“I’ve thought about ending my life because I think it’s pointless me being here,” said one anonymous 15-year-old in a transcript provided by the NSPCC. “I don’t feel like anyone cares about me, and I’m lonely all the time.”
A 16-year-old said, “I don’t feel like I fit in anywhere, and I have no friends. I hate being this unhappy, but I can’t control it. I feel so alone. Whenever I think about the future, I get scared that I’ll always be by myself because I’m not good-looking or funny enough.”
That scary future of loneliness is a reality for many older adults. Almost half of Americans age 62 and up experience some degree of loneliness, according to a new AARP Foundation survey. Two in 10 say their loneliness is frequent.
How we talk to each other for work and for play isn’t helping
Our workload and work style can contribute to feelings of loneliness, says Jennifer Caudle, an osteopathic family physician and assistant professor at Rowan University School of Osteopathic Medicine.
Many of us pull long days, and after we leave, we look at email, read reports and review presentations rather than fully connect with friends and family. Nearly half of U.S. workers check email after they leave work, and 45% work during non-business hours, according to a CareerBuilder survey in 2016.
“Work does not stop anymore, it is always there for us,” says Caudle, who notes that those working remotely from others can also feel isolated.
On days when she does’t interact with students or patients, Caudle says she can feel it.
“I can go all day and not communicate with a person directly,” she says. “I‘m on my computer all day long, and sometimes at the end of the day, even though I’ve been productive, I feel a little empty.”
Technology and social media can play a part. We are increasingly adopting digital devices, and social media use has skyrocketed.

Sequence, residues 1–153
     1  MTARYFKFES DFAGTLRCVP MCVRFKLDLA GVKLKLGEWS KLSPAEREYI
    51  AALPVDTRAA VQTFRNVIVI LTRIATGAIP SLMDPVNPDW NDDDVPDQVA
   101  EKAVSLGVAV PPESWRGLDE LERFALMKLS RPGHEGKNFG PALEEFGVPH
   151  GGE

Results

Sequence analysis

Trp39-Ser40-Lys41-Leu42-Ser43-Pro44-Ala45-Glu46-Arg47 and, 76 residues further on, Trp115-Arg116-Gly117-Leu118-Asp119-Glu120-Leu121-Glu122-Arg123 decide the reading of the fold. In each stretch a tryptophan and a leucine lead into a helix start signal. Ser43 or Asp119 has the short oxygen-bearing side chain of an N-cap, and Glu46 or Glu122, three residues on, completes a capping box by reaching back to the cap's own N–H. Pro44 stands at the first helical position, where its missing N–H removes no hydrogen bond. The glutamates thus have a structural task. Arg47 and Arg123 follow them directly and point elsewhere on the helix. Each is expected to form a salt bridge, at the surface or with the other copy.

Though these tools can be helpful, digital communication often lacks the connection-building nuances that come with face-to-face interactions, says the University of Chicago’s Cacioppo.
“You don’t see their facial expressions,” he says. “You don’t hear their tone of voice.”
Even with Skype and FaceTime, “there are so many missing cues,” Cacioppo says.
“Elder orphans” band together for support and advice
Pope Talks Social Media, Culture of Loneliness
We can be our own worst enemy
Risk factors for perceived or actual social isolation include living alone, being unmarried and having few friends, says Brigham Young University psychology and neuroscience professor Julianne Holt-Lunstad.
Other factors include chronic health conditions and mobility impairments.
Lonely people can automatically put up their guard, which in turn can make it difficult to establish those longed-for connections, Cacioppo says.
“When you feel isolated, you feel as if there is no one who you can trust,” he says. “The brain goes into self-preservation mode.”
The stigma that can come with admitting to loneliness means that we sometimes struggle silently. “Nobody wants to say, ‘Hey, I’m lonely,’” says Charlotte Yeh, chief medical officer of AARP Services.
If a lonely person does find a helpful resource, he or she isn’t likely to share it with others who could use it, she says, since that would mean admitting to feeling lonely in the first place.
Feeling lonely? Do these things